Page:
AUSTRALIA’S big wet could finally be over, with a potentially drought-inducing El Nino weather pattern likely to descend on Australia’s east later this year.
El Nino and its opposite, La Nina, are triggered by Pacific Ocean warming and cooling and can have profound impacts on Australia’s climate. The Bureau of Meteorology confirmed earlier this year that the back-to-back La Ninas of 2010-11 and 2011-12 caused Australia’s wettest two-year period on record.
El Nino, by contrast, can cause widespread drought and high temperatures and, in Victoria, crop failures and the conditions for severe bushfires.
Climatologist Catherine Ganter, from the National Climate Centre, said conditions in the Pacific Ocean were ”sitting on the threshold of El Nino”.
”It’s more likely than not that we’ll have an El Nino,” said Ms Ganter. It is possible for a mild El Nino to bring devastating drought, and for a strong El Nino to have little effect, she said.
”El Nino strength doesn’t relate to the severity of the effect,” she said. With a La Nina, by contrast, ”if it’s a whopping great one it tends to result in us getting a lot of rain”.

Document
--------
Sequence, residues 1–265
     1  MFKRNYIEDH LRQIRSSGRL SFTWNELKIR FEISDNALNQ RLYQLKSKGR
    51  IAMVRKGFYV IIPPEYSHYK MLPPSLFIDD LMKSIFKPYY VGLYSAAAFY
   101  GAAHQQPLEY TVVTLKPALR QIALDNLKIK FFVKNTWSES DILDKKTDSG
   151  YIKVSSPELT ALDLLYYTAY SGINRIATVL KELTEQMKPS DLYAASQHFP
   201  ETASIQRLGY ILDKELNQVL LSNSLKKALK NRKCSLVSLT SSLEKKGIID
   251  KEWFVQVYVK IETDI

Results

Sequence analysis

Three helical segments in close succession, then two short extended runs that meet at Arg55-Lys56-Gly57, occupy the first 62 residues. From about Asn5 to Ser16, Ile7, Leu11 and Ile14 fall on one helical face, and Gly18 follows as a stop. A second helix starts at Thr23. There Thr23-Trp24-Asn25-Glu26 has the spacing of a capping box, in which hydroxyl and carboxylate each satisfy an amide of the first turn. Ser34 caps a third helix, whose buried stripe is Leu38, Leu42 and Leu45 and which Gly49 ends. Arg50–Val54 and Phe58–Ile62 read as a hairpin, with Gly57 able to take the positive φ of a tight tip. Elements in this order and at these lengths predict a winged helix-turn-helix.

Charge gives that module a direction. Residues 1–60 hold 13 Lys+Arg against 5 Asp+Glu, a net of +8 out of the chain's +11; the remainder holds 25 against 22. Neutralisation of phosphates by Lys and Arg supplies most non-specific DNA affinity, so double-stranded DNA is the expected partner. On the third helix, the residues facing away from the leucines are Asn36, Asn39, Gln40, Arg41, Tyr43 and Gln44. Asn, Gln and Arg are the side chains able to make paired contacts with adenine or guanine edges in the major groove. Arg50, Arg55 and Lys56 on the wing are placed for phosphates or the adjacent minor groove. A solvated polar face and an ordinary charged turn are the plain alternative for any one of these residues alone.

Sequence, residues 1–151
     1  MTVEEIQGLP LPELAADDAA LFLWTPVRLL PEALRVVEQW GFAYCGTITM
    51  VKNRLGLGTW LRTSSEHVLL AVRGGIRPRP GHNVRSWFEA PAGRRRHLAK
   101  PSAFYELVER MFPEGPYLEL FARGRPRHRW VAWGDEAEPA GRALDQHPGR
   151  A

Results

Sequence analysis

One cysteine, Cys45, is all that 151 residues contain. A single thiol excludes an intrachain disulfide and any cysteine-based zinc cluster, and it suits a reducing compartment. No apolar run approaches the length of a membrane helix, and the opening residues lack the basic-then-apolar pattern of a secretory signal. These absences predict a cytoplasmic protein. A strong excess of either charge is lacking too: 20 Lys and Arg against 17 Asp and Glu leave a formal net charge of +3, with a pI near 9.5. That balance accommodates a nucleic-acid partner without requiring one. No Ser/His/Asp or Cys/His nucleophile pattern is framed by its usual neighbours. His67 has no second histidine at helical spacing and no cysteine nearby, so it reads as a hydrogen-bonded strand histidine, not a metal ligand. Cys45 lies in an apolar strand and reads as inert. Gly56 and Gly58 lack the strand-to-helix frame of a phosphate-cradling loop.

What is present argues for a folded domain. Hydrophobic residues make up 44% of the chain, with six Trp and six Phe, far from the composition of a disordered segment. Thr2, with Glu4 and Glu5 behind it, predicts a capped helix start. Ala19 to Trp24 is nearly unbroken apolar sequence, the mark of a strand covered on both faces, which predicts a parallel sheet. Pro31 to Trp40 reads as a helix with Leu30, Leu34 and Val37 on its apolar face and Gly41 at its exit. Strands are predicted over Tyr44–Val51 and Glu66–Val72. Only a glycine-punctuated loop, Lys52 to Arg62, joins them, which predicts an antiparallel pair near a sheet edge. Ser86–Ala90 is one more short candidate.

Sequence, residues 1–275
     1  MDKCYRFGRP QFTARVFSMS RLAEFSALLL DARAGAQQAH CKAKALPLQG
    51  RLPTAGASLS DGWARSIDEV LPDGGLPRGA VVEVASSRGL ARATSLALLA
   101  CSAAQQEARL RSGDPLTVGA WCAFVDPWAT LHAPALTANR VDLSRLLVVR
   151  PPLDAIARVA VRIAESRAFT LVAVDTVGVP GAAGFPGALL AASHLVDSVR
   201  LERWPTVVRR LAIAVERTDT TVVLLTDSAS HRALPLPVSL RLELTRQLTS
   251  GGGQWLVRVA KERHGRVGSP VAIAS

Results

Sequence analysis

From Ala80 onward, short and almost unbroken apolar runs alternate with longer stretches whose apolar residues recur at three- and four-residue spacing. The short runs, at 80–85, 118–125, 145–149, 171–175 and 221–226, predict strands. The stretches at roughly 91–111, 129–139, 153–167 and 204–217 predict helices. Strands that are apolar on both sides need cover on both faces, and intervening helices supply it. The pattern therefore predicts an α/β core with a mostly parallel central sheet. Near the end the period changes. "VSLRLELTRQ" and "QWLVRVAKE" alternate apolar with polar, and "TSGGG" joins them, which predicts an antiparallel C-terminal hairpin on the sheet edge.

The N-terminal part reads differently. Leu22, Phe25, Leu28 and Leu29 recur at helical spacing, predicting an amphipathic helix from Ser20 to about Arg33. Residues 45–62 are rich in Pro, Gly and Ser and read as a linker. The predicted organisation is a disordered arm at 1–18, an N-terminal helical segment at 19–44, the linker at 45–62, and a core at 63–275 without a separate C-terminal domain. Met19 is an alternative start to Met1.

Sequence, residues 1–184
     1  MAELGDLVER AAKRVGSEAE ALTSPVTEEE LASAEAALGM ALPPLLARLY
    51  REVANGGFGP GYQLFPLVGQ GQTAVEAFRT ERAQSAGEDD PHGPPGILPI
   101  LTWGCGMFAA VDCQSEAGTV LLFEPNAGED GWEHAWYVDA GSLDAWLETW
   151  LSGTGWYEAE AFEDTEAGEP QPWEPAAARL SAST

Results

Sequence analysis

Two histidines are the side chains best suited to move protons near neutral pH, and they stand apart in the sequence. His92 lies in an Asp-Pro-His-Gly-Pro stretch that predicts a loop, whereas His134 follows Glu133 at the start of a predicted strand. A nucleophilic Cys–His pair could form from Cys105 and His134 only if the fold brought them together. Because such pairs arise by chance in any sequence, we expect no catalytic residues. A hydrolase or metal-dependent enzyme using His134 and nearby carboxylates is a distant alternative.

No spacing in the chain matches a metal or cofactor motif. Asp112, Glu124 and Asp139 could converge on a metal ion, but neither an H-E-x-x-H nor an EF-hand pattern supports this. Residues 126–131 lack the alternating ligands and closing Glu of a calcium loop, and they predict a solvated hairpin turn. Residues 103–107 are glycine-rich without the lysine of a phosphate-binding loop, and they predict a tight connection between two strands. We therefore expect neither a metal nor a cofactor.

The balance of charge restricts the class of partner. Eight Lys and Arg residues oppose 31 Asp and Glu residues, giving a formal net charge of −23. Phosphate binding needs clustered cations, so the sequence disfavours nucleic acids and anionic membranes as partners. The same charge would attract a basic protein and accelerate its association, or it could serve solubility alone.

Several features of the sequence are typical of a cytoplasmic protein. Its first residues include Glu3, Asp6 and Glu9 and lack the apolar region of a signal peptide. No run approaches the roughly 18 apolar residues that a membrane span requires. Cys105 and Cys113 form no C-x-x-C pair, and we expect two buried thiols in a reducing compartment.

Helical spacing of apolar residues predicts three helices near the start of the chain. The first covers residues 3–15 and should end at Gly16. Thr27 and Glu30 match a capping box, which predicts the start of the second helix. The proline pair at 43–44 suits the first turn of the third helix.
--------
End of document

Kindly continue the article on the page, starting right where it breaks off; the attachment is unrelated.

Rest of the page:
According to the Bureau’s three-monthly outlook, there is a 75 per cent chance that maximum temperatures in Victoria will be warmer than usual, and a 65 per cent chance – across most of the state – that Victoria will be drier than usual.
Country Fire Authority chief fire officer Euan Ferguson said Victorians ”could end up with a potentially serious situation” over summer if an El Nino eventuated.
”That would result in forests drying rapidly, grassland having an initial spurt of growth … and then drying. We could end up with a potentially serious situation,” he said.
Mr Ferguson said the amount of grass – a key fuel in bushfires – remained the biggest unknown. ”We’re coming off a very wet winter in the eastern part of the state. With the onset of warming, that could result on a significant flush of grass growth and then potential rapid drying of forest areas.” But ”if it’s warm and dry you may find there’s not a lot of grass growth at all”.
A dry spell over the next two months could also affect Victoria’s grain harvest. The president of the Victorian Farmers’ Federation Grains committee, Andrew Weidemann, said last month that the prospect of an El Nino was making farmers ”nervous”.
Melbourne’s water storages are well prepared for drought at 73.3 per cent, the highest they have been at this time of year since 1997.
This is good for reference in later months, which should prove how deluded climate models and climate scientists are.